*2 UEF now argues that the Board exceeded its statutory authority when it reversed in part and remanded the ALJ’s decision holding that Zurich was estopped from denying coverage by virtue of the notice of coverage filed with the DWC. Specifically, UEF argues that the public must be able to rely on the notice of coverage, that the terms of a private agreement cannot nullify this public policy, and that the Board erred in failing to so rule. The substance of UEF’s argument is that a workers’ compensation insurance policy must cover the entire liability of the employer, and that an insurer may not selectively deny coverage for any particular injured employee. In support of this argument, UEF directs our attention to Kentucky Revised Statute (“KRS”) 342.375, which states that “every policy or contract of workers’ compensation insurance under this chapter, issued or delivered in this state, shall cover the entire liability of the employer for compensation to each employee subject to this chapter[.]” In sum, UEF contends that Zurich is estopped from denying coverage of all LIS employees, and that the Board erred in failing to so rule.

The parties do not contest that the service agreement entered into between TLC and LIS sets forth certain procedures which LIS is to follow in order to assign an employee to TLC. As part of this process, TLC agreed to screen, approve and pay the employee, and LIS is expressly prohibited from hiring, leasing or using any employee in the categories for which TLC furnishes employees. The agreement further provided that if LIS failed to submit the employee to TLC for screening and approval, that individual is characterized as an employee of LIS and not TLC. LIS is responsible for providing workers’ compensation insurance for non-assigned employees.

The question for our consideration, then, is whether public policy demands that the notice of coverage filed with the DWC operates to establish insurance coverage on all TLC and LIS employees as UEF so argues, despite the clear language of the service agreement between TLC and LIS stating that TLC provides workers’ compensation coverage only for assigned employees. Having closely examined the record and the law, we must answer this question in the negative.

KRS 342.340(1) requires an employer to provide workers’ compensation coverage for its employees, and it must file proof of same with the DWC, as set out in KRS 342.340(2). KRS 342.615(4) provides that an employer who uses a PEO may insure the leased employees either directly or by contracting with the PEO to provide coverage. The associated administrative regulations acknowledge that a PEO may provide coverage for leased employees, but not every employer. See 803 KAR1 25:230 Section 4(4), which states that a PEO must file a “listing of the leased employees associated with each lessee[.]” (Emphasis added). We conclude from the foregoing that the statutory and regulatory scheme requires that when a PEO contracts to provide coverage only for leased employees, it is not bound to cover all employees including non-leased employees.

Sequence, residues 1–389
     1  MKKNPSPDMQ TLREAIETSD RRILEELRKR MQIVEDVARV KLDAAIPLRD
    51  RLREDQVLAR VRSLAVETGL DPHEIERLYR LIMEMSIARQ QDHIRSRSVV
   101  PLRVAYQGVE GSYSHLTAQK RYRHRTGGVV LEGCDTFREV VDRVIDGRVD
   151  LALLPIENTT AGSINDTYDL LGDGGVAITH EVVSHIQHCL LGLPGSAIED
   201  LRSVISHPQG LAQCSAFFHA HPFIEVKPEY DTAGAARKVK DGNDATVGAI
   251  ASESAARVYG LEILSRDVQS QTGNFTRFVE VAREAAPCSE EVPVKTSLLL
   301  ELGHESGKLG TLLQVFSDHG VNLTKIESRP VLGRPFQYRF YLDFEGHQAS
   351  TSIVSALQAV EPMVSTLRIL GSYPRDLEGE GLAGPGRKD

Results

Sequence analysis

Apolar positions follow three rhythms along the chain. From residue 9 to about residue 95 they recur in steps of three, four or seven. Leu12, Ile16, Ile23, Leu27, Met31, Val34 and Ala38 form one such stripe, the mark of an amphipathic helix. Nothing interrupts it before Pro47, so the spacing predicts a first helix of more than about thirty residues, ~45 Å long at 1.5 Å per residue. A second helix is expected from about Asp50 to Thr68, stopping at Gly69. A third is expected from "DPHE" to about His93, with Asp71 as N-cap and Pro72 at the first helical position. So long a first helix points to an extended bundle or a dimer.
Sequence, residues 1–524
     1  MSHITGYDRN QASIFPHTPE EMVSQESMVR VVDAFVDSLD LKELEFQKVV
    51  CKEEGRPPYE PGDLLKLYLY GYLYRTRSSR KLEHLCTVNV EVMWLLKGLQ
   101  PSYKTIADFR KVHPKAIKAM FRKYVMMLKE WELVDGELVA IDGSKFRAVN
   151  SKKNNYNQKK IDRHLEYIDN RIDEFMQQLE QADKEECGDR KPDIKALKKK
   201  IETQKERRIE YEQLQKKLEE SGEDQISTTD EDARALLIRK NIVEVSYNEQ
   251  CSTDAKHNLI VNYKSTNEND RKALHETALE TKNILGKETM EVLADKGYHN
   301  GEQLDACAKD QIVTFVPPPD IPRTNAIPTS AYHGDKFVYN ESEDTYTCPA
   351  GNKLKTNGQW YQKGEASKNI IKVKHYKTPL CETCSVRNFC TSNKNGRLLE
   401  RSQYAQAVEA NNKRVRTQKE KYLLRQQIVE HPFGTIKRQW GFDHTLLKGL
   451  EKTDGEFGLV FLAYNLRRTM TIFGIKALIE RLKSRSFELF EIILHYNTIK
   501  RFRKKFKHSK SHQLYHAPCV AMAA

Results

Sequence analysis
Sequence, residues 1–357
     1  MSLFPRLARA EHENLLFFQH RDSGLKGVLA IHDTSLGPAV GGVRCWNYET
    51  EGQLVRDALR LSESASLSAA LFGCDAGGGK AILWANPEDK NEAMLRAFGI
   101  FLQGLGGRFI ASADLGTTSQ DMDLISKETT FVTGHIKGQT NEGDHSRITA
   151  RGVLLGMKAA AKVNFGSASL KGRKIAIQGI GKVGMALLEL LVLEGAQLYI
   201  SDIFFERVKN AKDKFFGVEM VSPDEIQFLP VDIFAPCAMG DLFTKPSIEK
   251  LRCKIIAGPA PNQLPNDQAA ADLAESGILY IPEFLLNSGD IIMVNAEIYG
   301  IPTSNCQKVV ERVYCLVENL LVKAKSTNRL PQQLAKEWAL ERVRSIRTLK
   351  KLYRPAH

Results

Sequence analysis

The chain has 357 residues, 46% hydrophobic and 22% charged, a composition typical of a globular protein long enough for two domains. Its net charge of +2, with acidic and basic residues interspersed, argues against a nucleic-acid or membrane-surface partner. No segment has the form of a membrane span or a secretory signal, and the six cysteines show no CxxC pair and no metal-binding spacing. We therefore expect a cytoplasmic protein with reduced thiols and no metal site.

When seeking to uncover legislative intent, we look first to the language of the statute and give the words their plain and ordinary meaning. Osborne v. Commonwealth, 185 S.W.3d 645, 648-49 (Ky. 2006). Only when the statute is ambiguous do we look to extrinsic evidence of public policy. Lewis v. Jackson Energy Co-op. Corp., 189 S.W.3d 87, 94 (Ky. 2005). Because the construction and application of a statute is a question of law, it is subject to de novo review. Richardson v. Louisville/Jefferson County Metro Gov’t, 260 S.W.3d 777, 779 (Ky. 2008) (citing Osborne, 185 S.W.3d at 648).

KRS Chapter 342 is not ambiguous on the issue before us. The Legislature provided a framework under which a PEO may contract with an employer to provide leased and insured employees without being bound to provide workers’ compensation coverage for the employer’s non-leased employees. As the statutory and regulatory language is clear on this point, the general public has no reasonable expectation that the filing of a notice of coverage with the DWC estops Zurich from denying coverage even as to LIS’s non-leased employees. The Board properly so concluded, and we find no error.

*3 For the foregoing reasons, we AFFIRM the opinion of the Workers’ Compensation Board.

All Citations
Not Reported in S.W. Rptr., 2019 WL 1423099


Kentucky Administrative Regulation.